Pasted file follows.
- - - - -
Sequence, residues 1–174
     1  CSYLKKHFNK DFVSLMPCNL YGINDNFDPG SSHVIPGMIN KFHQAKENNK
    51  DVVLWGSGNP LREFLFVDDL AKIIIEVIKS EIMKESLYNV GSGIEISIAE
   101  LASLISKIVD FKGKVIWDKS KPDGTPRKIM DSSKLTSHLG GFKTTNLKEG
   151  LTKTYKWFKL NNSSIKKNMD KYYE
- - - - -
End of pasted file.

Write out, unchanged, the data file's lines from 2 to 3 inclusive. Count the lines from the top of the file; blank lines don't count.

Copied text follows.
     1  CSYLKKHFNK DFVSLMPCNL YGINDNFDPG SSHVIPGMIN KFHQAKENNK
    51  DVVLWGSGNP LREFLFVDDL AKIIIEVIKS EIMKESLYNV GSGIEISIAE